7 things about Brexit we learned this week

by Rachel Franklin | 19.08.2016

August is typically a quiet time for politics. Westminster is in recess and many Britons, including the prime minister, enjoy a much-needed getaway. But there has been no pause in the unforeseen consequences of Brexit. Here are another seven things we learned this week about leaving the EU:

1. A new report from the Resolution Foundation concluded that the damage to the UK economy will outweigh the gains from Brexit. The think tank found that increased migration had put slight downward pressure on pay in some low-skilled jobs but those wages were unlikely to rise significantly in the wake of Brexit. Instead, the report warned that a dramatic decline in immigration could cause serious damage to industries that rely heavily on migrant labour. One such sector is farming, which has already sounded the alarm about its future.

2. The CIPD’s Labour Market Outlook found that the proportion of employers that expected to step up hiring over the next few months has fallen by 4% since the referendum. An IHS Markit report earlier this month found that permanent recruitment has dropped to lows not seen since 2009.

3.There was good news on the economy this week. The unemployment rate did not rise in July, as the Bank of England expects it will; retail sales rose unexpectedly fast, thanks to warm weather; and there was no sign in July of the spurt in inflation that economists anticipate due to the drop in sterling. Still, it’s probably only a matter of time before the pain starts. A Treasury survey this week showed nearly every major bank in the City has slashed its forecast for growth, with many now effectively predicting a recession.

4. The NHS looks set to lose critical medical expertise as some doctors from other EU member states are leaving the UK because of uncertainty over their status post-Brexit. Up to a quarter of doctors in specialist hospitals are from the EU and work in areas from cancer treatment to brain surgery. Nicola Sturgeon, Chuka Umunna and, controversially, prominent Vote Leave campaigner Gisela Stuart all called on Theresa May to stop treating EU migrants as a bargaining chip in Brexit negotiations. Ms Stuart’s intervention is the latest suggestion that she is trying to airbrush her record on migration during the referendum campaign.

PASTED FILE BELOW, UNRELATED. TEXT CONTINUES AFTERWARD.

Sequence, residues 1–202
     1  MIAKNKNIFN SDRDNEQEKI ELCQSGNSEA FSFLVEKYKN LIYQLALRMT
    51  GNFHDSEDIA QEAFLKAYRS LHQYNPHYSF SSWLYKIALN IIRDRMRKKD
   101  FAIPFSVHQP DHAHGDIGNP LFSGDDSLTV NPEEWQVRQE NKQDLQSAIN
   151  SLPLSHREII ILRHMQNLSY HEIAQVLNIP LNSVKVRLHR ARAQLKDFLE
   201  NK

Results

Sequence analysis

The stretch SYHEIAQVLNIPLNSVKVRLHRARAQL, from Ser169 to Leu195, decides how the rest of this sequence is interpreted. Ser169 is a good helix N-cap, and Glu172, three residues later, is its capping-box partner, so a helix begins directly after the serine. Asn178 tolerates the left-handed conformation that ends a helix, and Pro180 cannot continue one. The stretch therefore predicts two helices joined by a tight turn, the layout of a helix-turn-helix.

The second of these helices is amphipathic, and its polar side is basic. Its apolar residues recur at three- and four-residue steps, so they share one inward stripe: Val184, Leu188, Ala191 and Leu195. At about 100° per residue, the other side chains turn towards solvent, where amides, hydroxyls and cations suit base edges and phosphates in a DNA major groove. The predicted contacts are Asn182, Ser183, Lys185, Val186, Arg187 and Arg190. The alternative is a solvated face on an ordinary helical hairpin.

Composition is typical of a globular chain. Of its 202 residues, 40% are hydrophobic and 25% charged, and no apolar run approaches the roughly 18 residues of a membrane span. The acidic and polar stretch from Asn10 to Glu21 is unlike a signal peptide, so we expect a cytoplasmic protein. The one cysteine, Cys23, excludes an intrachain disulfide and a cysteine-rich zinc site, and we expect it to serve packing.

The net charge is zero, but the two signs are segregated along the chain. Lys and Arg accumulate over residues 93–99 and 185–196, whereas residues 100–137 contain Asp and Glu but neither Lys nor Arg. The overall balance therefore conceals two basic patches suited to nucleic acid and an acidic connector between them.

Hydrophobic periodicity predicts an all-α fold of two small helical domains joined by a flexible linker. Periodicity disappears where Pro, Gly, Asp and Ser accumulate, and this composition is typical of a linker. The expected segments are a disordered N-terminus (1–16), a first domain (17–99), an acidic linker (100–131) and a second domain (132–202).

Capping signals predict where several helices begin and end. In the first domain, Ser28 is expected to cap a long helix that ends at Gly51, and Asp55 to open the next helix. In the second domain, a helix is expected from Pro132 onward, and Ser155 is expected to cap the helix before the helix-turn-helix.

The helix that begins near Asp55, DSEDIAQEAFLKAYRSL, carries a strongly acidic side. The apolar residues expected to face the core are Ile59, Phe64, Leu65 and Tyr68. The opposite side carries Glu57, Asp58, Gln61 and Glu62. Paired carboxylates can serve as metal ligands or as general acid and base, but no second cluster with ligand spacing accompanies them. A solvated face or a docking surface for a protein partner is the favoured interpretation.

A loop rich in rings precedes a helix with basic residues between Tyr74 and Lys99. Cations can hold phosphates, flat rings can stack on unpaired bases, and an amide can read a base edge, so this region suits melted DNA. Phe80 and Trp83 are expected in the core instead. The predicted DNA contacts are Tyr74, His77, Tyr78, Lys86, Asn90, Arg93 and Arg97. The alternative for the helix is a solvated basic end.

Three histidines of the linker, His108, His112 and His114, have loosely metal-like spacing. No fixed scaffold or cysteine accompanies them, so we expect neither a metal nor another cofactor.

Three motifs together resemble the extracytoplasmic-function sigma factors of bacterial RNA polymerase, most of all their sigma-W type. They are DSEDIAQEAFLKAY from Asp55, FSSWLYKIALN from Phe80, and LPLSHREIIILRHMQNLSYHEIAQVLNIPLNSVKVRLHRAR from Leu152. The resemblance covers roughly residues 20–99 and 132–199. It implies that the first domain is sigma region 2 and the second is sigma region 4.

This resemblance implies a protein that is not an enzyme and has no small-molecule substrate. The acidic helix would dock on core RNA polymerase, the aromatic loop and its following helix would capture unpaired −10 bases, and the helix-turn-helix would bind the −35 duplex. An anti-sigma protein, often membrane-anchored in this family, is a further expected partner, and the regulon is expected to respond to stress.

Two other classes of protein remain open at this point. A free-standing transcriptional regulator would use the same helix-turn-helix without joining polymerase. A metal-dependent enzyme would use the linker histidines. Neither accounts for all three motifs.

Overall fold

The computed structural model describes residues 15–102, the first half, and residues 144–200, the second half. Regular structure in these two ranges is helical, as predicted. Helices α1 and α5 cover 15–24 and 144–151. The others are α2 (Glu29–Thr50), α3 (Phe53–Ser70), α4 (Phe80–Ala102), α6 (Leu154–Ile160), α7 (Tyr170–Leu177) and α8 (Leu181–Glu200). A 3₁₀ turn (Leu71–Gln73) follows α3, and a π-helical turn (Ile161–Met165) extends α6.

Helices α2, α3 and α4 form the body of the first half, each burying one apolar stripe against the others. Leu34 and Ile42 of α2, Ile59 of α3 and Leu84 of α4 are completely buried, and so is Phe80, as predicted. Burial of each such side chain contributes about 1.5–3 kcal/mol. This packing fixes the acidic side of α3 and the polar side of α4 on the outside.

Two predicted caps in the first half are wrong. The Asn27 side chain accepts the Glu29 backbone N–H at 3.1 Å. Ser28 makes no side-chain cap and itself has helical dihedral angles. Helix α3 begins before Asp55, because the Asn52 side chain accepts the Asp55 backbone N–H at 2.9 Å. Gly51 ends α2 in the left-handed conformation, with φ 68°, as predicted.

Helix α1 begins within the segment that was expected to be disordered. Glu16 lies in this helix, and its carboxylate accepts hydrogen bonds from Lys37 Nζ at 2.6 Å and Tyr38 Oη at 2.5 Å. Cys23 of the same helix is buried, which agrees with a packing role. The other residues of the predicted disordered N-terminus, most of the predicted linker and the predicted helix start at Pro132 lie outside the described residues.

5. Some of London’s biggest banks are planning to relocate staff after Brexit. London generates nearly 30% of the UK’s taxes so diminished competitiveness in financial services because of restricted access to the single market serves as a real threat to Britain’s prosperity. Frankfurt is the latest financial centre keen to court British-based banks that are considering restructuring. France’s prime minister, Manuel Valls, has previously said he would like Paris to be “the financial capital of the future” after Brexit.

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    6. Sterling’s sharp fall is affecting remittances from migrant workers in Britain. With the UK estimated by the World Bank to be the fourth-largest source of remittances globally, the 12% devaluation of the pound since the referendum means migrant workers can now send home significantly less. Remittances are a particularly crucial source of income for poor communities, which are thus set to be hit hard by Brexit. The slide in sterling is also hurting British holidaymakers. A pound fetched less than one euro at some airport bureaux de change this week. No wonder more people are opting for staycations.

    7. The property market continues to suffer in the wake of Brexit. Figures from Rightmove show that the price of homes for sale posted the biggest drop in nine months. Commercial property fell by nearly 3% in July, the steepest decline since 2009, while Norway’s sovereign wealth fund, the world’s largest, marked down the value of its UK property portfolio by 5% due to Brexit. Farmland has also fallen significantly, with prices for land used for arable farming and for pasture down by nearly 9% and 7%, respectively, because of concern about the future of farming without EU subsidies.

    Edited by Alan Wheatley

    One Response to “7 things about Brexit we learned this week”

    • I am upset that all your reports can do is try to find the very negatives about the Brexit proposals.

      When will you understand that the vote is for the country to leave the EU.

      I voted to remain and agreed with all that your website was saying prior to the referendum. There is no point keep going over the same old facts.

      Until we actually see what the proposal are or can try to influence what they may be what is the point of covering the same ground?

      Please , please try to be less negative and don’t keep printing items which may not happen. This is what is pushing down the exchange rate but the stock market is doing well.